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A MILLION WAYS TO DIE IN THE WEST

Taming the Genre: A Million Ways Begins
As Seth MacFarlane and fellow writers Alec Sulkin and Wellesley Wild were putting the final touches on their soon-to-be blockbuster feature debut, Ted, they were taking a break and watching Clint Eastwood in director Ted Post's classic Western film Hang 'Em High. The old friends and collaborators started pitching jokes and riffing on the idea of creating an unconventional Western, and they soon decided that a comedic twist on the genre should be their next project together.

MacFarlane recalls: "We were talking about how this era is so romanticized in American film and literature, but it was actually a time and place that would have been so unbelievably depressing and dangerous to live in, particularly if you weren't an alpha male. It took off from there."

The filmmakers felt there was truly no upside to living in this place at that time, and they liked the idea of examining it through a contemporary lens. MacFarlane says: "One of the things that we have always felt about comedy, particularly with high-concept comedy, is that you get one crazy thing in your bag of tricks and then everything else has to be grounded. In the film, the high-concept element is that it takes place in the Old West. Everything else finds itself to be based in contemporary reality."

While the team wanted the setting to be the Old West, they felt the need to infuse the characters with a modern-day sensibility, especially Albert Stark, the story's protagonist. Wild offers: "This was Seth's idea from the beginning: how to stick a knowing, observant guy into a world where he just doesn't belong...where everything is just terrible. Albert is not suited for it. This guy is a fish out of water, and he shows what an unbelievable nightmare it would be to live in this time and place."

The more the writers riffed, the more they started to see that the concept they had was rich with possibility. Sulkin adds: "We consciously kept Seth's character a bit more contemporary, so he'd be the one saying to everyone, 'Hey. What's up?' while everyone else says, 'Howdy!' We imagined it would be annoying for him that everyone else is so into the Old West, and he hates it."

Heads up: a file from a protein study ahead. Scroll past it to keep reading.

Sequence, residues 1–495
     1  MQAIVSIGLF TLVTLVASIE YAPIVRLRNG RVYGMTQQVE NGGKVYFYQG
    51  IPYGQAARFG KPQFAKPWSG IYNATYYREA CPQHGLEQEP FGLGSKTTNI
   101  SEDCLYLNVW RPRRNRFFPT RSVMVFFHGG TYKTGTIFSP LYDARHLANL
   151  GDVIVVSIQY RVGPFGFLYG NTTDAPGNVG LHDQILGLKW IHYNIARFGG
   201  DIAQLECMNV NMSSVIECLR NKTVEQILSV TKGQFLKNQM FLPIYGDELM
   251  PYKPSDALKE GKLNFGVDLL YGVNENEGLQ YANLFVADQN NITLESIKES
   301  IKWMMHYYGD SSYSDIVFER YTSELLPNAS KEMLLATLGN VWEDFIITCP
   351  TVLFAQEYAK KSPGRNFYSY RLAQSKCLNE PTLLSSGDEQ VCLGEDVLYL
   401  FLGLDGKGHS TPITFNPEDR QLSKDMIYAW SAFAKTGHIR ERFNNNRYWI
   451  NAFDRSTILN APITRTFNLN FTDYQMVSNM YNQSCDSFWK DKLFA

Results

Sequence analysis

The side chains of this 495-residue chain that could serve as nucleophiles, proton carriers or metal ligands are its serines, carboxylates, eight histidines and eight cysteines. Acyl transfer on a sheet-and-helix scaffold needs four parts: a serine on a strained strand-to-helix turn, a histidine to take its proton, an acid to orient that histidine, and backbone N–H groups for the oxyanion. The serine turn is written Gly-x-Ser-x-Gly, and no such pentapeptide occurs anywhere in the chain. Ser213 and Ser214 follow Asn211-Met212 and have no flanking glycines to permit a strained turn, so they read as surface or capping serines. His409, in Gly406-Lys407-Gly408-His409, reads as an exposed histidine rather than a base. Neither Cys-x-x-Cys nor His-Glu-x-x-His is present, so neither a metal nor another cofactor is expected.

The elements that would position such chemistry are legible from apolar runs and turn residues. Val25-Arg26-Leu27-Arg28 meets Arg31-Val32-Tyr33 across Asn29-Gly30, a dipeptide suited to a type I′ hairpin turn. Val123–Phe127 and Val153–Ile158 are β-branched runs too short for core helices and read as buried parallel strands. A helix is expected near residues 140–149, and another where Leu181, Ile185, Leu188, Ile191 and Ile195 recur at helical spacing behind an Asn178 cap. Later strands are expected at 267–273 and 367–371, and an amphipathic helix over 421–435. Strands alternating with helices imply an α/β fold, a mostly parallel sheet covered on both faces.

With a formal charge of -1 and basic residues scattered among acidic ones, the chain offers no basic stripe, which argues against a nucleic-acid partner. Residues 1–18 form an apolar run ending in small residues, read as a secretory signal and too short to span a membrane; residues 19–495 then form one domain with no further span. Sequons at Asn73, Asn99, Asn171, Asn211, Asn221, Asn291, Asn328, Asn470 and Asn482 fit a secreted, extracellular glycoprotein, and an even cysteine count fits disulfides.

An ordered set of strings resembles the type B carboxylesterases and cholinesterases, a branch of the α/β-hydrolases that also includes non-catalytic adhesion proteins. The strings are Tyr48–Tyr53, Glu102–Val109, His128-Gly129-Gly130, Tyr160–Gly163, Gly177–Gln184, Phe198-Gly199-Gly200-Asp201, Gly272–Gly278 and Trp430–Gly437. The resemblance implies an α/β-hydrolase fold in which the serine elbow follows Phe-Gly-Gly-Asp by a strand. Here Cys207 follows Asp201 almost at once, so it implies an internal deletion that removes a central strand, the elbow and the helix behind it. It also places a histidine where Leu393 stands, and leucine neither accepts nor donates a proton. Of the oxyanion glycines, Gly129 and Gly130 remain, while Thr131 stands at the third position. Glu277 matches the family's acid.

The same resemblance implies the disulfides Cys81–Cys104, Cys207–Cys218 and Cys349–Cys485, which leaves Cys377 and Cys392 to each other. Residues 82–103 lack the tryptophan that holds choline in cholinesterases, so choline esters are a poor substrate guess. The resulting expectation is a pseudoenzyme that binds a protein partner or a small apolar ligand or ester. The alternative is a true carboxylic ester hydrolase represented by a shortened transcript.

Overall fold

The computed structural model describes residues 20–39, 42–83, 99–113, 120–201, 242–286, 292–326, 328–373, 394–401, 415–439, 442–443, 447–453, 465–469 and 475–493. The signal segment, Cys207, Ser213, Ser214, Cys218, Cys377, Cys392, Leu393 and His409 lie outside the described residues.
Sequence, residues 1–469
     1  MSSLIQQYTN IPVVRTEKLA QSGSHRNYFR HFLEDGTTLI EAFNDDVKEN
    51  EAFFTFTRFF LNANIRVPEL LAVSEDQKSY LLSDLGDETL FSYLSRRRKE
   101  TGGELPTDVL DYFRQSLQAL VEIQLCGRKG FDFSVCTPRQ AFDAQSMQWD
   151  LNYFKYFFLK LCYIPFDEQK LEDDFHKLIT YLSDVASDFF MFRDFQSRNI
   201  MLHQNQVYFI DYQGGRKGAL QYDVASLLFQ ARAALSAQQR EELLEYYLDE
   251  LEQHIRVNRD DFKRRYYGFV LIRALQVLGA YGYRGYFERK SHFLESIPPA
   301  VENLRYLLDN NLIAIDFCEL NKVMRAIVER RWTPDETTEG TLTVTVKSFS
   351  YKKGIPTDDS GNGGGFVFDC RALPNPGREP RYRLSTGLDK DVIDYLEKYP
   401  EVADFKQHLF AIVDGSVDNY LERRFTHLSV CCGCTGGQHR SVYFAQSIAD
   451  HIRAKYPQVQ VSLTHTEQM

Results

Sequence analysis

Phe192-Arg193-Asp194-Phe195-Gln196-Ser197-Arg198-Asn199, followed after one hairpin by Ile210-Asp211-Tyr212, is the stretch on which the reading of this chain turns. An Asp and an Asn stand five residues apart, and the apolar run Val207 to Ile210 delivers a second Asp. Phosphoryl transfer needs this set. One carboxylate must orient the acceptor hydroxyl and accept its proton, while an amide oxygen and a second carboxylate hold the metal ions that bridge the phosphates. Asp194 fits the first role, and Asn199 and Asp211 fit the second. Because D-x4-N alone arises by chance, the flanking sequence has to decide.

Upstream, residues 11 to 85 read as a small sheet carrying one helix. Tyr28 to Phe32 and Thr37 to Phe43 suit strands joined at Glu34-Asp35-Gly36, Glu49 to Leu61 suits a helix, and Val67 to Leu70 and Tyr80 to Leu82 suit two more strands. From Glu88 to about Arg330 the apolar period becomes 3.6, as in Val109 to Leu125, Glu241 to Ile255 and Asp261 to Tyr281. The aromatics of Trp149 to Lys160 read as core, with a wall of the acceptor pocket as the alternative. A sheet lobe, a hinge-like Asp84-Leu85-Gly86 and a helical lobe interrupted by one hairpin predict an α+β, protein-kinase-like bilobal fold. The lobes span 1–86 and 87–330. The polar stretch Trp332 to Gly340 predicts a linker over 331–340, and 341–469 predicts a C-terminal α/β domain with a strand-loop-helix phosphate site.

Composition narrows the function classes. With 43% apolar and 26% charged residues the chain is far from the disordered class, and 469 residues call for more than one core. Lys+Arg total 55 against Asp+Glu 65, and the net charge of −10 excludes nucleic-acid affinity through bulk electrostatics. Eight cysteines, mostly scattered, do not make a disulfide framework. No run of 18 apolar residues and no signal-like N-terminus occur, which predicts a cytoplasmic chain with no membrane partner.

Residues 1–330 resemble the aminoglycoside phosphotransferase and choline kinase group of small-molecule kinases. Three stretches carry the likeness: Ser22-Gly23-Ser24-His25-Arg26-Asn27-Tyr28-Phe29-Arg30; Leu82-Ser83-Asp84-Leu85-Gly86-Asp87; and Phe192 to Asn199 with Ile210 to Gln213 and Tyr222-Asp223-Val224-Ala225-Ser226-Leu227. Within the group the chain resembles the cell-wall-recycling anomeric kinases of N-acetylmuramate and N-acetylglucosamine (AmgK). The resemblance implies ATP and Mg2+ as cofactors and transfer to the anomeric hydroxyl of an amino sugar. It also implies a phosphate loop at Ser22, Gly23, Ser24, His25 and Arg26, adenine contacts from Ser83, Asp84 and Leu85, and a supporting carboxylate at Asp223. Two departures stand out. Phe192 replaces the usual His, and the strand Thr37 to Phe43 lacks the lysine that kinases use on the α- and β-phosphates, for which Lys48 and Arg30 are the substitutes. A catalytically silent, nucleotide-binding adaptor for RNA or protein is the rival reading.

For MacFarlane, it wasn't just the fact that their unlikely hero lived in the parched and dry 1880s, but it was also the kind of work with which Albert was saddled. Through his research, the filmmaker found that sheepherders were often reviled members of society. He says: "Everybody hated the sheep farmers because the sheep would graze so close to the roots of the grass that it would ruin the land. It's just not a particularly manly animal to be raising in the first place, so this idea that the sheep farmers would be the pussies of the Old West was something that seemed like a good, funny angle to help illustrate who Albert is and put a face on what 'nerdom' was on the American frontier."

As MacFarlane signed up to wear many hats on this comedy, he would find that the demands of his various roles made the project most enjoyable. He explains: "There's not one specific job that is more rewarding than another. They're all different. The writing is rewarding; the directing is rewarding. The acting is rewarding, but certainly the most terrifying because I have the least firsthand experience with it."

Assembling a team to work together again certainly helped provide the project with a sustainable familiarity. Returning producer Scott Stuber of Bluegrass Films explains the trio's detailed process and how they translate their humor: "The Old West is often seen in movies as a time where everyone was tough and brave, and stories are told through that lens. Because it was actually a very hard time in terms of all the things that could kill you, and how young and easily you could die, Seth, Alec and Wellesley found the dark humor there and took it to its funniest incarnation, as only they could."

Stuber appreciated the antihero the writers created and loved that they were taking a riff on a time-honored genre. About Albert, he further explains: "He's one of those people who is miserable in the West. Albert's not macho; he's not a gunslinger; he's not looking for a fight. He's a nerd. He's the guy who's well-read and sensitive, which are attributes that aren't associated with characters from the 1880s. He's just trying to find his place in the Old West."

Fellow Ted producer Jason Clark was thrilled to reteam with MacFarlane, Sulkin, Wild and Stuber for a never-before-told Western. He offers: "What I admire about working with Seth, Alec and Wellesley is that every story that they create with their jokes is grounded in a story that we care about. So, as an audience member, there's something to hang your hat on; there's someone that you're rooting for. The thing that Seth always has is the ability to bring heart and warmth, even with these outrageous jokes."

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